Bowling for Columbine - Part 2
Bowling for Columbine - Bowling for Columbine introduction. Dir. Michael Moore. 2002. Film. Bowling for Columbine: An Analysis Rehana Hasan Emily Stull GOVT 2301 Fall 2012 Word Count: Annotation: The documentary Michael Moore has produced is addressing the notorious violence in the United States of America with regards to guns and violence. It also encompasses how the massacre in Columbine was able to be carried out while the teenaged boys involved in the incident should not have had access to guns.
America has the most highest rates of homicide compared to other industrialized nations. Michael Moore is determined to explore the reasons as well as to draw conclusions of the unnecessary bloodshed that occurs in America. According to Moore, there doesn’t seem to be a clear reasoning of why other cultures that share similar lifestyles and violence issues as America do not suffer the equivalent carnage. There are facts that support that the U. S. has the highest number of gun-related killings on Earth.
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While undergoing this process, Micheal Moore comes to know that the easy access to guns for anybody and everybody, the history of violence in the United States, and the reality of violent entertainment in addition to violent poverty do not give an explanation for violence; the reality is that these factors are prevalent worldwide but the statistics for annihilation in other countries are not even near the statistics for the United States. Michael Moore further explores the American culture consisting of intolerance, abhorrence, and aggression in a nation of boundless ownership of guns so as to come up with a legitimate definition.
In order to arrive at a possible explanation, Michael Moore takes on a deeper examination of America’s culture of fear, bigotry and violence in a nation with widespread gun ownership. Michael Moore’s documentary Bowling for Columbine examines the culture of guns and violence in the United States in order to obtain insight into how massacres like the Columbine incident were socially possible, and, more generally, why the United States has an enormously higher rate of gun-related homicides than any other industrialized nation.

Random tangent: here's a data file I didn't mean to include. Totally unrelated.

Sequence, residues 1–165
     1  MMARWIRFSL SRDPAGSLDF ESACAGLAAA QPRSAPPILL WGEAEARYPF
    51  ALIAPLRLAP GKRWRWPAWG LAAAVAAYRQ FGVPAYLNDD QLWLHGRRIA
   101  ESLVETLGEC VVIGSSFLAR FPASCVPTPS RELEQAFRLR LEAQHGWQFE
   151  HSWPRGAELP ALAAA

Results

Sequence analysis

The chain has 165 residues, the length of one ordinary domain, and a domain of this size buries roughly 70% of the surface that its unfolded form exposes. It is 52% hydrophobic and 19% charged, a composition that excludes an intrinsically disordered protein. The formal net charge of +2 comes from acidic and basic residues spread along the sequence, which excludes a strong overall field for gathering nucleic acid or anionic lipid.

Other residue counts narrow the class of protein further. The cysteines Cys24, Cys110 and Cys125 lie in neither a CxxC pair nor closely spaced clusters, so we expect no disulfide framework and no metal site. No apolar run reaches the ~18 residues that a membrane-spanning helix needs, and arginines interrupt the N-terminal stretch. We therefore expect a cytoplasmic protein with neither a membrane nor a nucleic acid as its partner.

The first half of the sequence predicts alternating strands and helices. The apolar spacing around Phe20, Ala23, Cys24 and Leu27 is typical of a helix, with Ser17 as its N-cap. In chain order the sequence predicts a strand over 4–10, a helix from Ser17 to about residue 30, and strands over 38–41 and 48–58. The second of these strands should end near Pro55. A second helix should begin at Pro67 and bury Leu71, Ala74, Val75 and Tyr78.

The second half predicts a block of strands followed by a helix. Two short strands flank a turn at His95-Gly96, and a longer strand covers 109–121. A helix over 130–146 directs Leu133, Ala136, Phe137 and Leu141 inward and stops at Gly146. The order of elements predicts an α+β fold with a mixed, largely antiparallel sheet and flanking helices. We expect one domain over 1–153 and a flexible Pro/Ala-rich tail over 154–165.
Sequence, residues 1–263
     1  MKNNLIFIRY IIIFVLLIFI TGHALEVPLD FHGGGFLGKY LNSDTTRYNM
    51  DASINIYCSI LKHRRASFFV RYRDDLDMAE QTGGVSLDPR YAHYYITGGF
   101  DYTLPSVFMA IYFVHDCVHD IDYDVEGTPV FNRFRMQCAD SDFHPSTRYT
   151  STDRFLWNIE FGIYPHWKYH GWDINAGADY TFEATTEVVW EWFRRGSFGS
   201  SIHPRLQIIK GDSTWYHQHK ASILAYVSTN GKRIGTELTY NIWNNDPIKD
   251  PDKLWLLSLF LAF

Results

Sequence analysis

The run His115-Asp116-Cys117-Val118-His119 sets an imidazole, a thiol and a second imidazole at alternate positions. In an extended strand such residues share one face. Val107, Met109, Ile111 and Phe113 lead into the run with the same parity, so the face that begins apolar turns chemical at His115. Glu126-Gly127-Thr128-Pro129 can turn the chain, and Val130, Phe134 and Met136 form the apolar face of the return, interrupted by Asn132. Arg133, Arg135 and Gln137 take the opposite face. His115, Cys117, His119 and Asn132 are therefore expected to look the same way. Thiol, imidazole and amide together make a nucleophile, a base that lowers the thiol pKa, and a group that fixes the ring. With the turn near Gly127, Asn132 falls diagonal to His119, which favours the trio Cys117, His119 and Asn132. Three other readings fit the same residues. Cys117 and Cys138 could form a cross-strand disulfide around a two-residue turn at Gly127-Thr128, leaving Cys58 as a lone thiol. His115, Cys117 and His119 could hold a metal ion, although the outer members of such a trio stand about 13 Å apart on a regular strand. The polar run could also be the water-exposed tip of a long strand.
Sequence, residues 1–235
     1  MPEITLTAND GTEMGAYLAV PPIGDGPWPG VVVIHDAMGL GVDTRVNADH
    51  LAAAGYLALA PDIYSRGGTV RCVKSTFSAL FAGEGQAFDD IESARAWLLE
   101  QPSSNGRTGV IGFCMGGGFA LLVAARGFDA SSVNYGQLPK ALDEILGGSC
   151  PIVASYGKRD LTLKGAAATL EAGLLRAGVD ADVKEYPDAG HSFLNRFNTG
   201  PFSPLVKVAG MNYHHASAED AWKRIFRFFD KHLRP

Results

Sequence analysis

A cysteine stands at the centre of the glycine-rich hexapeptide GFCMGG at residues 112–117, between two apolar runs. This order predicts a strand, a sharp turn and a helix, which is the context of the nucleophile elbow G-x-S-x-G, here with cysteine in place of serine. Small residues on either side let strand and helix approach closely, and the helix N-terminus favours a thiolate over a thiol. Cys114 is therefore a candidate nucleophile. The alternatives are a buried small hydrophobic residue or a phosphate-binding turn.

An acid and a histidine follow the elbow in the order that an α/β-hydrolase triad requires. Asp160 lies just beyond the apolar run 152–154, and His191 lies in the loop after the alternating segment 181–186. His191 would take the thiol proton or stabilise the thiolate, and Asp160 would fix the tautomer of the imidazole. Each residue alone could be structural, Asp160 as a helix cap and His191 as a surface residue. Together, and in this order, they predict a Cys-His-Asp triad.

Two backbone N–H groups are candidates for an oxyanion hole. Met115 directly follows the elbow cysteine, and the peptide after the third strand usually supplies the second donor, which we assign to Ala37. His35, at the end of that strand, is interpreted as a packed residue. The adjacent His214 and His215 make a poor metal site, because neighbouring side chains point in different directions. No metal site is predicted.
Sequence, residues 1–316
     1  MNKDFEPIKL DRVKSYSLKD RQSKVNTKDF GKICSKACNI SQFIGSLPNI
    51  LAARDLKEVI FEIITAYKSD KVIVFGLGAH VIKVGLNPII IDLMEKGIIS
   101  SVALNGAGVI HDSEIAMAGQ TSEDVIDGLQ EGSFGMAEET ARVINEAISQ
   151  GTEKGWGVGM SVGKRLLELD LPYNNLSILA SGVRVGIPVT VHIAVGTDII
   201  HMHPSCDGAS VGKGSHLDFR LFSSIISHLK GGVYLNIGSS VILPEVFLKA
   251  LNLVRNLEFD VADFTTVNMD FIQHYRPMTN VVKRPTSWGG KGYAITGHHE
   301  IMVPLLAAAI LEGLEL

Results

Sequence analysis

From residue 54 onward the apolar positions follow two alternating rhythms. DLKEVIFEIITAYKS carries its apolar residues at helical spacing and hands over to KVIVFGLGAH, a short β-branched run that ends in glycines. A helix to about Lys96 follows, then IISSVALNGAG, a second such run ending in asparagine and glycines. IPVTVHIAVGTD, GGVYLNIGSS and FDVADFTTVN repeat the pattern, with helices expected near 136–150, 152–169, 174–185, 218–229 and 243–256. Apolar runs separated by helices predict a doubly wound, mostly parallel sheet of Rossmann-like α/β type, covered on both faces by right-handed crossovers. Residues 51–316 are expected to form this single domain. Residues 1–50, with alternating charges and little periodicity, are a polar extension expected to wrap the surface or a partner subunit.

Among the many possible causes he examines, the two that emerge most prominently are the widespread accessibility of semi-automatic arms and ammunition, and a pervasive culture of fear, paranoia, and distrust. His presentation is not, as some critics have argued, a simple-minded argument for gun control. In fact, his discussion of gun usage in Canada undermines standard gun control apologetics, evincing a much more thoughtful and nuanced analysis than his critics accredit to him.
Filmmaker Michael Moore sets out to explore the reason(s) behind the massacre of 12 students and a teacher at Columbine High School on April 20, 1999. He documents how two students, Eric Harris and Dylan Klebold, easily acquired four pieces of firearms, despite of having a history of arrests, juvenile detention, counseling sessions, and drug dependencies. He documents how the U. S. has ended up as a country with the highest number of gun-related killings on Earth.
With interviews with people like Charlton Heston, former President of the National Rifle Association, who lives in a fortified mansion, Moore shows how easy it is to acquire guns and munitions – with examples of a bank giving a free gun just for opening a bank account, and of one particular municipality that makes gun-ownership mandatory. Moore then links the involvement of the U. S. ith tyrants and terrorists such as Saddam Hussein and Osama Bin Laden for its’ own narrow gains – resulting in deaths of millions of civilians from 1953 through to 2001 – and its’ refusal to review and change it’s now notorious ‘Foreign Policy’. Written by rAjOo ([email protected] com) 4. Clearly identify how the film engages four (4) different course topics covered this semester. You are expected to make four (4) specific references using different scenes from the selected film.